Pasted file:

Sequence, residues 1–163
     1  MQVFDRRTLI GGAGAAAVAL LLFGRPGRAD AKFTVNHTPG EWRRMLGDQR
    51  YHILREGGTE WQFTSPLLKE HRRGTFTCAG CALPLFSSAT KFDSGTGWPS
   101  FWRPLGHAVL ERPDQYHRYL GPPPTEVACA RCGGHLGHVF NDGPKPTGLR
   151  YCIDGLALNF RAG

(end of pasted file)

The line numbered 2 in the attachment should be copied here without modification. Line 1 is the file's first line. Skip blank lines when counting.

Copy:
     1  MQVFDRRTLI GGAGAAAVAL LLFGRPGRAD AKFTVNHTPG EWRRMLGDQR